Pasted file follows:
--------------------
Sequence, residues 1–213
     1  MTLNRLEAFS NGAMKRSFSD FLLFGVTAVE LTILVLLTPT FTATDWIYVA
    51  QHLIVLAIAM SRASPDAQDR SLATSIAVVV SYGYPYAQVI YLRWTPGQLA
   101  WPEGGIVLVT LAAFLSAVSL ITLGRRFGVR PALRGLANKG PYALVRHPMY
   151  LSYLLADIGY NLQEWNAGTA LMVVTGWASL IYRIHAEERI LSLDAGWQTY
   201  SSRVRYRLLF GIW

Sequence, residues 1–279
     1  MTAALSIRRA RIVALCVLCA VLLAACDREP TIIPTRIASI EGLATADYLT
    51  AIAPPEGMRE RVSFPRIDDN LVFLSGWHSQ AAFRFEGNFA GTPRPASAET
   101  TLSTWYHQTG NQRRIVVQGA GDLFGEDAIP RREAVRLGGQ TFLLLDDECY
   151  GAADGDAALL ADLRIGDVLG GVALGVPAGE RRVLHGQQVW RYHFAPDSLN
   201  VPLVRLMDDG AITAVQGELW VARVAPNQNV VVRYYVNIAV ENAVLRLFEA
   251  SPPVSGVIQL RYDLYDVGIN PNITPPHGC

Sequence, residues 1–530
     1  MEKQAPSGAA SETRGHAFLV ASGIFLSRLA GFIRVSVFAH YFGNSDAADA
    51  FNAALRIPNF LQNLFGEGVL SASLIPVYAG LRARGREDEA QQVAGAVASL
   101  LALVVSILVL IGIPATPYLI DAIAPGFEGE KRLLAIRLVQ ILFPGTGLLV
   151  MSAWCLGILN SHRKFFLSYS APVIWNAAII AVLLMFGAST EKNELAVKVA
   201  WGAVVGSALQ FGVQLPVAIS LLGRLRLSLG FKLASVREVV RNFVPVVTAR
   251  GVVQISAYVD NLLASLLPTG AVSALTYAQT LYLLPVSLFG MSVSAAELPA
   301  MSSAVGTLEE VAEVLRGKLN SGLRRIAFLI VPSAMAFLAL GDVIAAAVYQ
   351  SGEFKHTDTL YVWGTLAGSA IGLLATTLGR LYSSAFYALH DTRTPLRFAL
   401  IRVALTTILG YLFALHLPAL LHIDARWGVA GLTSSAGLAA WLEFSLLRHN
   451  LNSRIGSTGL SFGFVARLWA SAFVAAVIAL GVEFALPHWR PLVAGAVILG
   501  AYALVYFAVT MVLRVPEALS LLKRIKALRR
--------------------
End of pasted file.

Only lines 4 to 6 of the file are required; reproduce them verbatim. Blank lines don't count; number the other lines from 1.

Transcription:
   101  WPEGGIVLVT LAAFLSAVSL ITLGRRFGVR PALRGLANKG PYALVRHPMY
   151  LSYLLADIGY NLQEWNAGTA LMVVTGWASL IYRIHAEERI LSLDAGWQTY
   201  SSRVRYRLLF GIW